Campbell House

Categories: Heritage Restorations,

Campbell House is a two and a half storey free classic Queen Anne Revival house located in East Hill on the top of the hill on 30th Ave. One of Vernon’s most prominent heritage homes, Campbell House was built in 1898. The home was built by a mining promoter, who as the story goes, wanted a his prestigious home built on the highest point of land so he could look from his balcony at his mine across the lake. It was one of only four homes situated on the then barren East Hill. In it’s day this home was of the most modern in Queen Anne design.  The home was a two storey ballon framed structure of of green rough sawn fir with a habitable third storey attic. The most modern amenities of the day were included with such features as indoor plumbing, electricity, hot water heating, double hung windows with storms, lath and plaster interior walls with ornate trim and fir floors. For more details and characteristics see the City of Vernon Heritage Register (Page 41) In the spring of 2010, during an intense spring storm, the house was struck in the centre of the roof by lightning. Although the fire department arrived on the scene quickly, the roof framing was badly burnt and the water used to quench the fire caused extensive interior damage creating a situation that required a complete removal of  the entire interior of the house right back to the original framing. The challenges in restoration of a house of this vintage are many. One hundred years ago there was no building code or inspectors. A home would be built by tradesmen who relied on experience for the answers to the many problems that might arise in the building process. As this house passed through the decades and many owners, renovations were completed with various levels of competence. Also, in a house this size, maintenance became very time consuming and expensive. The rebuilding of Campbell House required a careful analysis by a professional engineer to ascertain the multitude of building upgrades required. W.A. Marsh engineering Ltd from Vancouver, an expert in heritage homes, was hired to complete this work. What follows is the work that Parsons Family Homes was required to complete to bring this historic house back to its former glory. July 29, 2012 Vernon Morning Star Article – Parsons project rejuvenates Vernon heritage home Some notes from the early stages of the structural repairs:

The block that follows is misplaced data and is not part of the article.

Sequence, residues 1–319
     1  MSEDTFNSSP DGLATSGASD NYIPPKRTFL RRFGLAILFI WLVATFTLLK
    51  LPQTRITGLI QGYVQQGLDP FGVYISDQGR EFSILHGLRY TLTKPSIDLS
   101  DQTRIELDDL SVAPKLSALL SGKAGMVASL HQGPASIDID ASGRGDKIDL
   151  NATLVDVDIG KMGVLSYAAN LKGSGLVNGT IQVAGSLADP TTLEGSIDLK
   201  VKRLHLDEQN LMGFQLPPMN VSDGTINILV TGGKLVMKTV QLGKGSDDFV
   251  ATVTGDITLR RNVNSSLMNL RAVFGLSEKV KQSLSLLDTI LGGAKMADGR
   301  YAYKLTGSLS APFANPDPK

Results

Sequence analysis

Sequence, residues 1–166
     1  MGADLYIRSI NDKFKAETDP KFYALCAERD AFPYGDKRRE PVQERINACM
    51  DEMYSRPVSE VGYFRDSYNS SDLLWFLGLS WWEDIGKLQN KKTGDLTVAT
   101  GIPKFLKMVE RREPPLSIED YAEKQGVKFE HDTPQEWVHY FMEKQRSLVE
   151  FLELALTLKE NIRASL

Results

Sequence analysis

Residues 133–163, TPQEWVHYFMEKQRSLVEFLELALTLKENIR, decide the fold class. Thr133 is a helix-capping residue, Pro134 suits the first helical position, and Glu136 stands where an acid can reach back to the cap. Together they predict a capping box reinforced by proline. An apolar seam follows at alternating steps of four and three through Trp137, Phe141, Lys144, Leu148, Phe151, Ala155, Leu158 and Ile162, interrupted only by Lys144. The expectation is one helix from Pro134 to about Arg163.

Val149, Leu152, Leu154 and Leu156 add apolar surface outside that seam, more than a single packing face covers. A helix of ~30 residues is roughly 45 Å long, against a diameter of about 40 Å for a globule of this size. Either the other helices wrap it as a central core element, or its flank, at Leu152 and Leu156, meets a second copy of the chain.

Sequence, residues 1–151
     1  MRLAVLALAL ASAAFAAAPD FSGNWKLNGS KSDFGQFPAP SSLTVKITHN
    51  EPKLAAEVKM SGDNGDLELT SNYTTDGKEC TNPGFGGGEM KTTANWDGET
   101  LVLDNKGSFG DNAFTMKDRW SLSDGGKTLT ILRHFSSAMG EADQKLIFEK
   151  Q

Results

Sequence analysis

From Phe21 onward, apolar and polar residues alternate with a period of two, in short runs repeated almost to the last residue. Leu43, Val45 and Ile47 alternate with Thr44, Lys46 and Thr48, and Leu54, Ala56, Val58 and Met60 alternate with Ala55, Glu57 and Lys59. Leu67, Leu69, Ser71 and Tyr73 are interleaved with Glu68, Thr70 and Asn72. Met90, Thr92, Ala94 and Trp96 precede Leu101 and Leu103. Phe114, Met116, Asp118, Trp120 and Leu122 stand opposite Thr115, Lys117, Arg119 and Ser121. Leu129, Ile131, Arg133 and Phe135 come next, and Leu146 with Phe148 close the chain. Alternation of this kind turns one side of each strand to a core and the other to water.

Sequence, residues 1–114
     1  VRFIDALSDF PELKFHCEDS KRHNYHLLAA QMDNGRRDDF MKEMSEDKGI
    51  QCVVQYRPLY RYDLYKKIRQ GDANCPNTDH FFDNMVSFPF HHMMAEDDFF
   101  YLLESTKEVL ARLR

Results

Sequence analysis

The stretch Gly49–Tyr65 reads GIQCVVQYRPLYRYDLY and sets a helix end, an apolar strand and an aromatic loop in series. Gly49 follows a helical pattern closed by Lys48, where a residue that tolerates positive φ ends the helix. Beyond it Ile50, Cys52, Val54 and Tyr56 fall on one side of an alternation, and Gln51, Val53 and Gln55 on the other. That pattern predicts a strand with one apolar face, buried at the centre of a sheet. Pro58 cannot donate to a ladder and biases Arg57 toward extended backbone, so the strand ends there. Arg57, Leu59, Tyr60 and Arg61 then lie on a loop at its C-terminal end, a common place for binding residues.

Foundation Work The first step in any well constructed home is a good base. Built before ready mix concrete, the home was set on a rubble built foundation.  This seems to have stood the test of time.  The centre bearing wall in the crawlspace did not fare so well. The original posts had been set on large rocks and had rotted away. Over the years various temporary methods such as jacks and concrete blocks had been substituted.

First and Second Floor Structural Changes The main and second floors required a substantial amount of framing to repair structural deficiencies and poorly framed renovations.

Roof and Rafter Repairs Repairing structural deficiencies and fire damaged roof through the addition of LVL beams.